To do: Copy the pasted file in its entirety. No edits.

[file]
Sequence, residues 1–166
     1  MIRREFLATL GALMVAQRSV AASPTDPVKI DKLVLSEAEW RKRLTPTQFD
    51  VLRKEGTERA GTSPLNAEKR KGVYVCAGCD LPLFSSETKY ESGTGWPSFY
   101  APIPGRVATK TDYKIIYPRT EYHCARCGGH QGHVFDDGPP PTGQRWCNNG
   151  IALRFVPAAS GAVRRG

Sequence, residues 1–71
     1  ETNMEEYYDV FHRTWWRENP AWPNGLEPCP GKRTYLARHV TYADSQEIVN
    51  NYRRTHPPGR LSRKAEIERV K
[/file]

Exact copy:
Sequence, residues 1–166
     1  MIRREFLATL GALMVAQRSV AASPTDPVKI DKLVLSEAEW RKRLTPTQFD
    51  VLRKEGTERA GTSPLNAEKR KGVYVCAGCD LPLFSSETKY ESGTGWPSFY
   101  APIPGRVATK TDYKIIYPRT EYHCARCGGH QGHVFDDGPP PTGQRWCNNG
   151  IALRFVPAAS GAVRRG

Sequence, residues 1–71
     1  ETNMEEYYDV FHRTWWRENP AWPNGLEPCP GKRTYLARHV TYADSQEIVN
    51  NYRRTHPPGR LSRKAEIERV K